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Fatter Functionality For Speech Analytics
CallMiner adds to its analytics suite a new Web-based reporting and analysis tool that automates the delivery of customized reports.
Posted Jul 11, 2005
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CallMiner has bulked up the reporting and analytics functionality of CallMiner Analytics Suite by making available a Web-based reporting and analysis tool, CallMiner Reportal. It allows users to create ad-hoc and automated reports from within TrendMiner, a Web-based trending and analysis application, and Tireless Supervisor, which automates call scoring and classification. Users can create and view reports in formats like Excel or PDF, and they can be delivered by email. Depending on scheduling preferences, report delivery can occur on a recurring basis, and the frequency can be changed when desired. Jeff Gallino, CEO of CallMiner, says that users "basically can say, 'I really like the results of this, make this a report, and ship it to my boss every hour or every day or every month,' and it gives them the sense that they can generate custom reports without having to learn a reporting tool. It sits at the center of the rest of the suite and all of the data that you can search for and report on that can be classified is all available in this tool." Additional functionality includes automating reporting based on user-defined queries, interactive reporting functionality that offers live call playback from data collected by the CallMiner player or the enterprise call recorder, and the report designer, which enables users to build and format results contained in any SQL database. CallMiner, in addition to producing applications for its customers, has an OEM agreement with Witness Systems that allows it to use CallMiner solutions, and it has distribution agreements with Mercom Systems and Voice Print International, both companies whose product offerings include call recording and monitoring solutions. According to Gallino, CallMiner focuses mostly on the competitors of its partners, including NICE Systems and Verint Systems. The ability to offer trending and analytics, and then report on that analysis, is what's separating the field from elements like generic search or word spotting, Gallino says. "To really offer analytics you have to be able to do analysis and the reporting of that analysis effort is really key. What you're seeing now is the leaders in the speech analytics field moving away from just 'Hey, this is an interesting word or phrase,' and starting to drive much more business value."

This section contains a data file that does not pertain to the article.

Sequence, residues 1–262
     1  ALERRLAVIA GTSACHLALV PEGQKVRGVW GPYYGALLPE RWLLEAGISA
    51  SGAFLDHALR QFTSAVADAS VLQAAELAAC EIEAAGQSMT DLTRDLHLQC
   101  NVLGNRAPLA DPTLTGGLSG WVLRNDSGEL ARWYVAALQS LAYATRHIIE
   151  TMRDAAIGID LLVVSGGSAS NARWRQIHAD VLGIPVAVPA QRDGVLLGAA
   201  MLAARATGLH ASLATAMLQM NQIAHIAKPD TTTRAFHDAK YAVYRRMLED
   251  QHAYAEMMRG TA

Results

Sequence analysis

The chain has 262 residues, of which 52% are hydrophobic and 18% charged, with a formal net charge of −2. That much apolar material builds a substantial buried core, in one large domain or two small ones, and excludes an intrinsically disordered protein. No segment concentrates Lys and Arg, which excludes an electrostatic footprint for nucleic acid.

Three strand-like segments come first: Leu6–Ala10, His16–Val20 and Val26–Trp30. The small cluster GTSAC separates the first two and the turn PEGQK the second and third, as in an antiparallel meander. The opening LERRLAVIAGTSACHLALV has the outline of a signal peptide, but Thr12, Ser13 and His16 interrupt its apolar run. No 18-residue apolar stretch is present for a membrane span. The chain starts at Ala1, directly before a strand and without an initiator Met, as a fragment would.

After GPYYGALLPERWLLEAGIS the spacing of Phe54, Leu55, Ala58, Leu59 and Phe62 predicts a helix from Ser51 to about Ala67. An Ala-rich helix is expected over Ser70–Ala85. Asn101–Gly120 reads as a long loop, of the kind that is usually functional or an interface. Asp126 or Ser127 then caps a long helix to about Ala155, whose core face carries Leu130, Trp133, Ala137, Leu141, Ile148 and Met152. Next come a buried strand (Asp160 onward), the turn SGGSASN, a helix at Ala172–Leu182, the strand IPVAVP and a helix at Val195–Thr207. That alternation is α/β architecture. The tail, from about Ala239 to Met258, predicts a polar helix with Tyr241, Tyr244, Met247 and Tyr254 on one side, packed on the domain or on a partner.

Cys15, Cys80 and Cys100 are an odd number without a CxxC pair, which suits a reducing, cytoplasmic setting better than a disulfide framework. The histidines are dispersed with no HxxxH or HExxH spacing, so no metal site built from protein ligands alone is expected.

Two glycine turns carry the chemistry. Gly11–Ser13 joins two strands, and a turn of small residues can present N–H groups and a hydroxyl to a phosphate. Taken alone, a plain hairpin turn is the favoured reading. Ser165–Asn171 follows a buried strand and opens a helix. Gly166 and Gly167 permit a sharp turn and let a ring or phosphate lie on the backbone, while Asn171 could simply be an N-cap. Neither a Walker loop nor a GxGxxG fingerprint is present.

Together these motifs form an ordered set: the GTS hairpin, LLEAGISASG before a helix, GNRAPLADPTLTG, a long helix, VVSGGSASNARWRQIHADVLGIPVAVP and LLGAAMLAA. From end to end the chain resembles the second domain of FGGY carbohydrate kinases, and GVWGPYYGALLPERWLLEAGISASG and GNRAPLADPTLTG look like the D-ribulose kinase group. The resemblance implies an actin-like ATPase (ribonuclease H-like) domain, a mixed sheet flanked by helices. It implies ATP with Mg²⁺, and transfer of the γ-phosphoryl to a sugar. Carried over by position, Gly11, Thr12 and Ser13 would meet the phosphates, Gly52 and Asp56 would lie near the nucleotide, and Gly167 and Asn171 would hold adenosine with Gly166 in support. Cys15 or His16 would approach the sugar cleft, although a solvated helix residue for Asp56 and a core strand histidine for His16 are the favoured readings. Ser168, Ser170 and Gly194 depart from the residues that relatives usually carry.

Donna Fluss, principal of DMG Consulting, says that speech analytics remains an exciting technology because it allows organizations to structure the unstructured. "The value of speech analytics extends far beyond the contact center to sales, marketing, senior management, [and] operations. The name of the game is to take what happens in the contact center, structure these conversations, and then make it available to the rest of the enterprise so that it can be used on a timely basis." Speech analytics, she says, "is what [for] the next five years organizations are going to be dedicated to--really structuring and using what happens in contact centers." Related articles: NICE Buys Dictaphone's Recording Systems Business QM Is Poised For Growth Autonomy Plans to Acquire Etalk
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